Browsing named entities in Edward L. Pierce, Memoir and letters of Charles Sumner: volume 4. You can also browse the collection for Conness or search for Conness in all documents.

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Edward L. Pierce, Memoir and letters of Charles Sumner: volume 4, Chapter 45: an antislavery policy.—the Trent case.—Theories of reconstruction.—confiscation.—the session of 1861-1862. (search)
of the senators—Mr. Morrill of Vermont said with emphasis, when Sumner was no longer a member of the committee, that his administration of its business during the period he remained chairman was masterly. In a conversation with the writer. Mr. Conness said in the Senate, Feb. 6, 1868: Without any disrespect to the other members of the committee, I had really begun to believe that the honorable senator [Sumner] was the committee. Sumner answered from his seat, Oh, no; not at all. Another asured his rejection as chief-justice. Sumner disavowed personal feeling, which Bright attributed to him. He treated particularly in his speech the kind of evidence competent in such a case. He led the debate, Feb. 13, 1868, in co-operation with Conness, Edmunds, Howard, and Sherman, against the admission of Philip F. Thomas, senator-elect from Maryland, specifically on the ground that he had permitted a minor son to leave home to enlist in the Confederate army, and had provided him with money
Edward L. Pierce, Memoir and letters of Charles Sumner: volume 4, Chapter 49: letters to Europe.—test oath in the senate.—final repeal of the fugitive-slave act.—abolition of the coastwise slave-trade.—Freedmen's Bureau.—equal rights of the colored people as witnesses and passengers.—equal pay of colored troops.—first struggle for suffrage of the colored people.—thirteenth amendment of the constitution.— French spoliation claims.—taxation of national banks.— differences with Fessenden.—Civil service Reform.—Lincoln's re-election.—parting with friends.—1863-1864. (search)
iates were Howard of Michigan, Pomeroy of Kansas, Gratz Brown of Missouri, and Conness of California. He introduced a bill to repeal all fugitive—slave acts, which d, notwithstanding its exclusion of the Act of 1793 from repeal; but Brown and Conness of his committee refused to support it after the amendment had passed, and it ng the charter of an existing company, overcoming the objection made by Dixon, Conness, and Hale that his proposition was irrelevant,—and, as was often the case, faias drawn by Mr. Chase. was lost; but he was supported by Chandler of Michigan, Conness, Howard, Lane of Indiana, Pomeroy, Ramsey, Sherman, Sprague, Wilkinson, and Wiin the Senate while Sumner was speaking. This is stated by another senator, Mr. Conness, in an interview published in the Gold Hill (Colorado) News, and sent by him in a note to Sumner, August 22. 1865. Mr. Conness said, Mr. Fessenden was always snapping at Mr. Sumner in debate. Frederick Douglass, writing to Sumner, Sept. 9,
Edward L. Pierce, Memoir and letters of Charles Sumner: volume 4, Chapter 50: last months of the Civil War.—Chase and Taney, chief-justices.—the first colored attorney in the supreme court —reciprocity with Canada.—the New Jersey monopoly.— retaliation in war.—reconstruction.—debate on Louisiana.—Lincoln and Sumner.—visit to Richmond.—the president's death by assassination.—Sumner's eulogy upon him. —President Johnson; his method of reconstruction.—Sumner's protests against race distinctions.—death of friends. —French visitors and correspondents.—1864-1865. (search)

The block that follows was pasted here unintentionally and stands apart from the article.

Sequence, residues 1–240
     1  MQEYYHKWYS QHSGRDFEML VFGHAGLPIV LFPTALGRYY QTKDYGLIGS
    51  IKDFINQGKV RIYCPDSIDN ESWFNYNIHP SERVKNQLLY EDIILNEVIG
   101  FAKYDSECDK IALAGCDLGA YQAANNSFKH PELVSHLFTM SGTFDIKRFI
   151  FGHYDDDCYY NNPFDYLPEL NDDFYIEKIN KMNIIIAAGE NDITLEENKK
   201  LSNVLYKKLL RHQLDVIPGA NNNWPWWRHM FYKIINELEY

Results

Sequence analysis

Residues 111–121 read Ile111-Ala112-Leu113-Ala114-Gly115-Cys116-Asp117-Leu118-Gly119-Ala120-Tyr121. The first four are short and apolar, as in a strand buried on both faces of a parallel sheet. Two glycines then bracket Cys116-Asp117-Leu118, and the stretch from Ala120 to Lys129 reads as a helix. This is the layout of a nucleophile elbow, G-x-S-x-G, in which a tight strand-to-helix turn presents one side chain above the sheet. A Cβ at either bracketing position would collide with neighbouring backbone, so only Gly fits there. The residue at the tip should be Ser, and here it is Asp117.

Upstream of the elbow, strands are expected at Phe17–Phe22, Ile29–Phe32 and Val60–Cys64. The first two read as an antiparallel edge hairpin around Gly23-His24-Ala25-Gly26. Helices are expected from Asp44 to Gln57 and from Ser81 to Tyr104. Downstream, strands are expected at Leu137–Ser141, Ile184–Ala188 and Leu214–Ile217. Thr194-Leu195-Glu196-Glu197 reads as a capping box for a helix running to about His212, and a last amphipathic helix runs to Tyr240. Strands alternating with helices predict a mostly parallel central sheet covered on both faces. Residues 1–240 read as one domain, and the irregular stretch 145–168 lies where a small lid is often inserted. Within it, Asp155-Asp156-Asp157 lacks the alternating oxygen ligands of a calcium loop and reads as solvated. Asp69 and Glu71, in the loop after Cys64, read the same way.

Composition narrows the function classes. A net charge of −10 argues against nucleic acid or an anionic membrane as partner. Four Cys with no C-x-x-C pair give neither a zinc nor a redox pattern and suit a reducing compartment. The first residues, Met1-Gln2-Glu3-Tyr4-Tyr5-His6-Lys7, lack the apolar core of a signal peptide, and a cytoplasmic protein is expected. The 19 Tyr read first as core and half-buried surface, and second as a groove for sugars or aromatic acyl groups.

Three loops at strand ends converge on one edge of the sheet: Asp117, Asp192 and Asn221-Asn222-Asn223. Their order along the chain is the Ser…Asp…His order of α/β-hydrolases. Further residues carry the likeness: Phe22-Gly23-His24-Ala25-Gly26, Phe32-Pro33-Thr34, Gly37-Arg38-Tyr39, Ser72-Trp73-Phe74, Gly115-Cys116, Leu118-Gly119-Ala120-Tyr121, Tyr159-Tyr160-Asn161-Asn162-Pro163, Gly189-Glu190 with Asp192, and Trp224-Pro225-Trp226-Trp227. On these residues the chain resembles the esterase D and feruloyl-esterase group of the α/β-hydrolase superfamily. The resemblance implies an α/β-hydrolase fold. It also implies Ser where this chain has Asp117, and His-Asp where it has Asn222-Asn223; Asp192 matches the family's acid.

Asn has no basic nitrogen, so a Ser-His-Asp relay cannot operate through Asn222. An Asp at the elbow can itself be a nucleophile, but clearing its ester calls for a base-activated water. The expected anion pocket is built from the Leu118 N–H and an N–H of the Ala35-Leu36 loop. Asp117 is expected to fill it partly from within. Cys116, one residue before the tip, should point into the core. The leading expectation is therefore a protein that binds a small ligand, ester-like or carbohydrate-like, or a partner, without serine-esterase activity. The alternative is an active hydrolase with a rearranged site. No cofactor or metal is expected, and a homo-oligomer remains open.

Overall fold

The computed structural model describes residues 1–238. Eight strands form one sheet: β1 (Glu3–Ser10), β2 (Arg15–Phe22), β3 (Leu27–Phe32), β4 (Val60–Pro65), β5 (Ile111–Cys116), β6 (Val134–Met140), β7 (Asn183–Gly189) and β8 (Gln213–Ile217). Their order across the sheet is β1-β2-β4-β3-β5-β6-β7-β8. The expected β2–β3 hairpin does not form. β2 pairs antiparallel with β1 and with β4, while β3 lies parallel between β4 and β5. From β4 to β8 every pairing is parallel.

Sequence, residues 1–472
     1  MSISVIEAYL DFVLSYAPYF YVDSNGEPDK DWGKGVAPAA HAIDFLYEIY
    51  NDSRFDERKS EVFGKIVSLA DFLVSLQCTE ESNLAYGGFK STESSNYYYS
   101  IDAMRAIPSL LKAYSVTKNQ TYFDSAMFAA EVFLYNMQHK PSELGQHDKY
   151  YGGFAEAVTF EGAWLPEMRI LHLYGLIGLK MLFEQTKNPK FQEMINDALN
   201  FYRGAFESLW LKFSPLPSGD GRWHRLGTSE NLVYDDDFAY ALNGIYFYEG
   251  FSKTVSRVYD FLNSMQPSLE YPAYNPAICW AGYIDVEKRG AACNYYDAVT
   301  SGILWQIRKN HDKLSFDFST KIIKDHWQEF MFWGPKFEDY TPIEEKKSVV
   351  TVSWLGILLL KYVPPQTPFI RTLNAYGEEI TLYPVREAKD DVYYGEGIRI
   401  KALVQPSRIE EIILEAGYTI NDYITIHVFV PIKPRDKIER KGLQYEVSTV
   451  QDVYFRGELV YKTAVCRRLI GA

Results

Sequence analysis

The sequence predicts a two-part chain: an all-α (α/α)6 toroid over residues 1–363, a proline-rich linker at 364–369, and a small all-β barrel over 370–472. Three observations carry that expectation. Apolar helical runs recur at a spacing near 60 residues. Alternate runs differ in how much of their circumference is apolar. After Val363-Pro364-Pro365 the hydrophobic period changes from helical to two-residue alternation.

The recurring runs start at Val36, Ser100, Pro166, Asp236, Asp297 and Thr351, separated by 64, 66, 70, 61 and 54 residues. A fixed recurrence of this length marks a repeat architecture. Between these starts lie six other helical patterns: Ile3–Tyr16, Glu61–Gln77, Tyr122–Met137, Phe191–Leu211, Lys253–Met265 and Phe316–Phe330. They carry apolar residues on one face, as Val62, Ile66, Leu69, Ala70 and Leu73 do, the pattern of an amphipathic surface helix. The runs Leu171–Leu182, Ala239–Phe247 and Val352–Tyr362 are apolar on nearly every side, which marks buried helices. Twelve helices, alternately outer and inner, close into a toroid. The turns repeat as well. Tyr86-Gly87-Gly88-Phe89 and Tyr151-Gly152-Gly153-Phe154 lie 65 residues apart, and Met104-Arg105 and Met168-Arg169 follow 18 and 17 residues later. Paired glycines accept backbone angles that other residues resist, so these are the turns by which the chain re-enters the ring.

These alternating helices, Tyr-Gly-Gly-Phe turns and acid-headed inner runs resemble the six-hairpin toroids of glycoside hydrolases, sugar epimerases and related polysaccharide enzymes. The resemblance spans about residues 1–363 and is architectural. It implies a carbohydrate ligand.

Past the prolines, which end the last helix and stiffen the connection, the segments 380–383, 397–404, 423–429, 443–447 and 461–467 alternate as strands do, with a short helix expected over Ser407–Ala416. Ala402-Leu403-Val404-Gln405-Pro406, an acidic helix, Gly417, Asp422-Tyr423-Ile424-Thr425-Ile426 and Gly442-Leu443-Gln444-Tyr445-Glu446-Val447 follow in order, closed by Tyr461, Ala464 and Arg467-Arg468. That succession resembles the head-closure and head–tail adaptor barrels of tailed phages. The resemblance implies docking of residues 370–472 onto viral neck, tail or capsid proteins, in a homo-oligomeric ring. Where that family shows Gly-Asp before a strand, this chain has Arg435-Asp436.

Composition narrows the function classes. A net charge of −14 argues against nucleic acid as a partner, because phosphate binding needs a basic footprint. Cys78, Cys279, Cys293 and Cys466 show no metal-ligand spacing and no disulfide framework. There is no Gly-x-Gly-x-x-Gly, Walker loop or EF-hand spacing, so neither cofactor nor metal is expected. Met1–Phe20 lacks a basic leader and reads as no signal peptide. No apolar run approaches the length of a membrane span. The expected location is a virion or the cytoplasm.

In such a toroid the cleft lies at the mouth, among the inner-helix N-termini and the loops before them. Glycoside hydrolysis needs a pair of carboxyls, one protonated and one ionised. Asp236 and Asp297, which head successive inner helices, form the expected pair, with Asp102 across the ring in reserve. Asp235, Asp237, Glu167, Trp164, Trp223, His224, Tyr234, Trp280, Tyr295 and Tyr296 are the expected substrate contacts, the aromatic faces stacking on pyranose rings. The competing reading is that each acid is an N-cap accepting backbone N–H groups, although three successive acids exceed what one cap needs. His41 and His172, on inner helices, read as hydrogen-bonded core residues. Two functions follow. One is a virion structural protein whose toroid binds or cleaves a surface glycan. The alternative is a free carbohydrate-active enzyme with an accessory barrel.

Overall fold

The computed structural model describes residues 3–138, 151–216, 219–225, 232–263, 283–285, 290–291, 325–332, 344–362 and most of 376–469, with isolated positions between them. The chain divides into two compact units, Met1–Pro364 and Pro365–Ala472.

ceased, and Congress shall have declared it entitled to representation; but it obtained only eight votes—those of Brown, Conness, Grimes, Howard, Sprague, Stewart, Sumner, and Wade. On the 24th Sumner renewed his effort to displace the resolution wsuccess. When asked not to waste time, and senators said from their seats, Give up! he replied, That is not my habit. Conness said, We know that, and there was laughter. The debate proceeded. Powell of Kentucky, from a Southern standpoint, oppoes Booth. He became instantly senseless, and did not recover consciousness. Sumner was at the time at the house of Senator Conness, in company with him and Senator Stewart; and being told what had occurred by some one rushing in from the street, th his steadfast support of colored suffrage against the President's plan. Members of Congress were confused by events. Conness did not see how impartial suffrage, although he believed in it, could be imposed by Congress. Wilson, Fessenden, who
Edward L. Pierce, Memoir and letters of Charles Sumner: volume 4, Chapter 52: Tenure-of-office act.—equal suffrage in the District of Columbia, in new states, in territories, and in reconstructed states.—schools and homesteads for the Freedmen.—purchase of Alaska and of St. Thomas.—death of Sir Frederick Bruce.—Sumner on Fessenden and Edmunds.—the prophetic voices.—lecture tour in the West.—are we a nation?1866-1867. (search)
; and it was declared to be carried. Fessenden doubted the decision, and Anthony, the chairman, calling on senators to stand, the result was fifteen in favor to thirteen (or perhaps fourteen) against. Fifteen to fourteen are the figures of Mr. Conness, and also of the New York Tribune, February 18. Sumner, in a note to his Works (vol. XI. p. 104), gives the vote as fifteen to thirteen, and in a letter to Mr. Bright as seventeen to fifteen. Sherman gave his recollections of the committee'e adoption of the proposition. He left the caucus at once, and sought to defeat it by personal appeals to members of the House. His action in this respect led to an acrimonious debate in the Senate, in which Wade took him severely to task; and Conness also made reflections on the senator from Maine. (Feb. 19, 1867, Congressional Globe, pp. 1555-1560.) The griefs of this debate were thought to have had an effect on the impeachment trial of the next year. Sherman, hitherto averse to it, mainta